Conservatives aren t saying much nice about Oregon U.S. Sen. Jeff Merkley these days, especially since Republicans have targeted the first-term Democrat in next year s election. But Fox News analyst Juan Williams broke ranks this week by naming Merkley Man of the Year in Congress  in an opinion piece in The Hill, a news-oriented website focusing on Capitol Hill.

In the piece, Williams praised Merkley for leading the charge to overturn the traditional filibuster system in the U.S. Senate that has allowed Republicans to block President Obama s nominees to the courts and top administration positions.

The senator stands out as the leader of the Democrats  historic move to go to the nuclear option,  ending the paralysis by threat of filibuster that tied the Senate in knots for the last five years,  Williams wrote.

At the same time, Williams noted that the move has partisan ramifications, including some for Merkley.

The junior senator from the Beaver State showed a lot of political bite, in the form of persistence, and has become a left-wing hero as a result,  Williams wrote.

Although Williams is not as conservative as some Republican talking heads, Merkley s staff was quick to point out his Fox News job when emailing the column to Oregon reporters.

City can t wash hands of lawsuit

A judge might rule whether the City Council has misspent water and sewer funds before the May primary election when voters could decide whether to transfer the water and sewer bureaus to an independent board.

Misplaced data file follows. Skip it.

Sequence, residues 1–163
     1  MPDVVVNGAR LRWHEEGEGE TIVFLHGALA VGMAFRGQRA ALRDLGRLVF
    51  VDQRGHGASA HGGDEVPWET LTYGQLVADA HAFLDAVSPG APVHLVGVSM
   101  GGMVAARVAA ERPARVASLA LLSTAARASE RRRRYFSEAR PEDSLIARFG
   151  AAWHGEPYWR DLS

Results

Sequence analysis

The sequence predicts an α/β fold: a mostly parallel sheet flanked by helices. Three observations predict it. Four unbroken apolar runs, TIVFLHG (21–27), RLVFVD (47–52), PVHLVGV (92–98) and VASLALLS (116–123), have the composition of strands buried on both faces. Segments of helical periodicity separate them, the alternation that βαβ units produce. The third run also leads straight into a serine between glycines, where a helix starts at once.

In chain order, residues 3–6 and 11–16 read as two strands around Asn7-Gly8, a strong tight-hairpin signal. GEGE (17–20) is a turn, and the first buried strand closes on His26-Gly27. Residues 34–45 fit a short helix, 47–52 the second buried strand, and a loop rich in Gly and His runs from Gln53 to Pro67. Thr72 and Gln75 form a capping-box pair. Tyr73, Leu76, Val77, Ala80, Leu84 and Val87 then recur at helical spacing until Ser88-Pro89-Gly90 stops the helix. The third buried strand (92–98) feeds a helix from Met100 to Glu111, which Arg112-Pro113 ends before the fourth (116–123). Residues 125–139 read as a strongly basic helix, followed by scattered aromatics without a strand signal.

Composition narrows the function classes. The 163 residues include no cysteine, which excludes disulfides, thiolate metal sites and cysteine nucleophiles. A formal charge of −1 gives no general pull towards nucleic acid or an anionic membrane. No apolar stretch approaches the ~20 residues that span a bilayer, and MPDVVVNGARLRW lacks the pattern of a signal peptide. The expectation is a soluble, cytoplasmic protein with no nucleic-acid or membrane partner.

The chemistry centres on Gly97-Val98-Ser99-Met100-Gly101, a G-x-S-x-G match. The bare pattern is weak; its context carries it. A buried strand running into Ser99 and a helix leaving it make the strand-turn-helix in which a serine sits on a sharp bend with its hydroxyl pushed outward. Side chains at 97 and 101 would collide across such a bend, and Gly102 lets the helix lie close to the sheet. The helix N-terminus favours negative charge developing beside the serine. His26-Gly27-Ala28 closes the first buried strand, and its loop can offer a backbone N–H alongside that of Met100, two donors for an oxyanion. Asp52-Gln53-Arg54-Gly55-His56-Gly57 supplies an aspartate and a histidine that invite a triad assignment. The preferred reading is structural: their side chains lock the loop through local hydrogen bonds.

If the judge rules the council has misspent the funds, it will be given ammunition to supporters of the initiative petition. But the city could be hurt politically even if the judge sides with the council. Such a ruling would essentially mean the City Charter allows the council to spend water and sewer funds however it sees fit.

Oral arguments in the long-running civil lawsuit about water and sewer spending could be heard in January or February. Both sides have filed motions for the summary judgment that lay out positions on a range of appropriations by the Water Bureau and the Bureau of Environmental Services, which operates the sewer system and stormwater management programs.

Brrr, council gives summit cold shoulder

Portland City Council members were noticeably absent at the Oregon Business Plan Leadership Summit that was held in town on Monday. No one on the council even attended the breakfast forum on local issues at the Oregon Convention Center.

Significantly, the council members did not have much work to do Monday morning. A power outage shut down City Hall and the adjacent Portland Building through the day. Ironically, the council was scheduled to present an update of the strategic plan for the Emergency Management Bureau calling for better preparations for disasters.

Many other local elected officials showed up at the morning session, however, even though they do not occupy full-time jobs, like Portland s leaders. They included Clackamas County Chairman John Ludlow, Washington County Commissioner Dick Schouten, Wilsonville Mayor Tim Knapp and Clackamas Community College board member Ron Adams.

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